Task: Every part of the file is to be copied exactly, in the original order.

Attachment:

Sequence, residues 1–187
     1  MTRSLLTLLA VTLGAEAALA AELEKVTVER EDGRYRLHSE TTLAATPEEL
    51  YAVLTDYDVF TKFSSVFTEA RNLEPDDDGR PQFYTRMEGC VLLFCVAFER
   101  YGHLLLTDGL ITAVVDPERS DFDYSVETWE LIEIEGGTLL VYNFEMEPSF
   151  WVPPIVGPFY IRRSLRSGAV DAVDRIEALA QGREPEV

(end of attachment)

Sequence, residues 1–187
     1  MTRSLLTLLA VTLGAEAALA AELEKVTVER EDGRYRLHSE TTLAATPEEL
    51  YAVLTDYDVF TKFSSVFTEA RNLEPDDDGR PQFYTRMEGC VLLFCVAFER
   101  YGHLLLTDGL ITAVVDPERS DFDYSVETWE LIEIEGGTLL VYNFEMEPSF
   151  WVPPIVGPFY IRRSLRSGAV DAVDRIEALA QGREPEV